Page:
The Middletown Press (Middletown, CT)
A party in disarray
With four real candidates running for the Democratic nomination for governor , the Democratic Party should change the rules to allow only one ballot, potentially resulting in no one with a sufficient majority becoming the party nominee. Of course, anyone winning at least 15 percent of the delegates could go on to a primary.
The four candidates are: Guy Smith, a Greenwich self-funding multi-millionaire Sean Connolly, former Connecticut Commissioner of Veteran Affairs, Ned Lamont, who invested $26 million of his own money in unsuccessful previous runs for the U.S. Senate and governor , and, Joe Ganim, mayor of Bridgeport
If a candidate bypasses the convention, as Smith says he will, another way to qualify for a primary is to obtain roughly 15,000 signatures (2 percent of those registered with the party).
The Democratic state Chairman Nick Balletto appoints members of the PreConvention Rules Committee. Its major issue is whether the rules should be changed to limit the number of ballots. Unless there is a clear majority for one person on the first ballot, the party should rely on a primary.
Balletto said current rules require nominee selection by the Convention, even if it requires multiple ballots as in years past. That is true, although the Rules Committee could recommend, and the Convention enact, a change to just one ballot at this Convention.
I believe the “fix is in” to make Lamont the nominee… a bad mistake which will lead to chaos in the party and long-term bitterness. Balletto has been asked to quit his leadership post by a group of African American Ministers lead by Boise Kimber, an old friend and a Democratic activist currently working for Guy Smith.
Can Balletto persuade enough delegates to back a single candidate? Perhaps Chris Murphy can.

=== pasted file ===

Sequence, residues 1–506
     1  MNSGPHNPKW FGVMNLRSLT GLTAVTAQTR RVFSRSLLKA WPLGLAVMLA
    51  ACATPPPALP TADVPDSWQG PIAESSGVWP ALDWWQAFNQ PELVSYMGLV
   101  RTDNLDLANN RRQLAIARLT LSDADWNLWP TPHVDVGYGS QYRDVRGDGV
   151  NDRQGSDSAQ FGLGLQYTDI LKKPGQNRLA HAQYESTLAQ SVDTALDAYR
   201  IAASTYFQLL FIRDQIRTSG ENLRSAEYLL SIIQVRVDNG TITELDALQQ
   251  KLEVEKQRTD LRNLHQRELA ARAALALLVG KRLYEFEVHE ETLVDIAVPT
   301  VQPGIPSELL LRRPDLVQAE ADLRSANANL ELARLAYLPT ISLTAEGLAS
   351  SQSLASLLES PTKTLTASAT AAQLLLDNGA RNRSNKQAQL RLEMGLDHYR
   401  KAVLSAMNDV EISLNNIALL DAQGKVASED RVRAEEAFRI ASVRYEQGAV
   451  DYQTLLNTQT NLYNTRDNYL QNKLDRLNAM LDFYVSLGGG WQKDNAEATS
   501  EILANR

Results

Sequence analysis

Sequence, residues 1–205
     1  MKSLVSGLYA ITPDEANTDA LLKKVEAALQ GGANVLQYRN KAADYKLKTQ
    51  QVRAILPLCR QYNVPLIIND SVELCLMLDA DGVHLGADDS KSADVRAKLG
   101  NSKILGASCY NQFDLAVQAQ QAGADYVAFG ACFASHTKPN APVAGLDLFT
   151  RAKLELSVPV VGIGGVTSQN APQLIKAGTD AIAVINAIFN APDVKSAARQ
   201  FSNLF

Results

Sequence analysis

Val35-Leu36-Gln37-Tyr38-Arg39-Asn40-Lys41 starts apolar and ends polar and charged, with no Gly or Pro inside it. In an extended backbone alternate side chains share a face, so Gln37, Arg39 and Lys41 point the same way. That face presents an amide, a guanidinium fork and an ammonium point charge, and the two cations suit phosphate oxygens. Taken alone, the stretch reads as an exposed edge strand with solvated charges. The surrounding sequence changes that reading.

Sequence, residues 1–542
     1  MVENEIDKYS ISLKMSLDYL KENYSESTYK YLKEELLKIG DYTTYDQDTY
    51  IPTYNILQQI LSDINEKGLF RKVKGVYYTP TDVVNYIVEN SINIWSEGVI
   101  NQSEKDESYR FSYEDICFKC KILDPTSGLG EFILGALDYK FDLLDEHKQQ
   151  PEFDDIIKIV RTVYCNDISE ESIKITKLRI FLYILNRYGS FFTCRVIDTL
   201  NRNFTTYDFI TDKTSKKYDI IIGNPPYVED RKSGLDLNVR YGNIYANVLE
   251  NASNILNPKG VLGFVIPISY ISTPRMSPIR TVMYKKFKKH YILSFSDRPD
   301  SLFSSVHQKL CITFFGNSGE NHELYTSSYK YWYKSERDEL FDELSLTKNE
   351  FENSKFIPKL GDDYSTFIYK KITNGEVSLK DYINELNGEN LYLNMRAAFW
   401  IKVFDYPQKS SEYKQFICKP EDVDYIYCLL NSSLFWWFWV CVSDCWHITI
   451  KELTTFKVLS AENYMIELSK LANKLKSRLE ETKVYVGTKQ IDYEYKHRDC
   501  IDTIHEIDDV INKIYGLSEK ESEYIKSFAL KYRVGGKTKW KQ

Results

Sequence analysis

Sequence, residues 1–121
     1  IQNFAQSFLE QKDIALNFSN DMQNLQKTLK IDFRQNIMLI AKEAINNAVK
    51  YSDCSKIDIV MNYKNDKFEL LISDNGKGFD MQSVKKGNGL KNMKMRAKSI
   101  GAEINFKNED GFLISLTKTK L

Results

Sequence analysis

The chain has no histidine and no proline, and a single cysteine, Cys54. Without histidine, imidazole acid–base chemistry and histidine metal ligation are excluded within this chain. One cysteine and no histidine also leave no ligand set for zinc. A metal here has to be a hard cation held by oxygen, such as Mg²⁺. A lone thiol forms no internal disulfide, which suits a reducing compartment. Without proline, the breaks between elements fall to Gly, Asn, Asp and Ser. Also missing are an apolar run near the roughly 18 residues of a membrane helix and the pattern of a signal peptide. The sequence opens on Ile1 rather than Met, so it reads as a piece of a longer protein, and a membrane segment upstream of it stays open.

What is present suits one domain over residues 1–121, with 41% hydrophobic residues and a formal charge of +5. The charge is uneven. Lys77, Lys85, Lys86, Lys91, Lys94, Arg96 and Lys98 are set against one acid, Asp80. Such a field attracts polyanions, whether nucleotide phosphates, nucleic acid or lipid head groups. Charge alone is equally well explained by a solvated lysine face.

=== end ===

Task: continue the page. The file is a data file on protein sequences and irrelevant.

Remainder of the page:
To try to stop Ganim from receiving the required 15 percent would be foolish since he is capable of going the signature route. Susan Bysiewicz, once a candidate for governor , announced she will be running for Lieutenant Governor presumably as Lamont’s running mate, however, it remains to be seen whether other candidates for Lieutenant Governor will at least qualify for a primary when the delegates vote at the convention.
I see Lamont as a rich man looking for entertainment. His self-funding could mean another $15-$20 million spent on top of the $26 million he has already invested. Lamont pointed out that Ganim lent $35,000 to his campaign — a weak comparison.
The voting public, except for the hard left of the Democratic Party, does not want additional taxes — save for a couple percent tacked on to earnings over $1 million. Lamont will campaign on costly programs that may be well intentioned, but which the statecannot afford. I do not think he is electable. Note Lieberman’s previous win against Lamont: Lieberman ran as an Independent while Lamont boasted the endorsement of the Democratic Party. That says a lot.
Alternatively, Ganim can reach ordinary voters who work hard and are fed up with taxes. The party leadership should give Ganim a chance by changing the rules. Let everyone run in a primary on equal ground.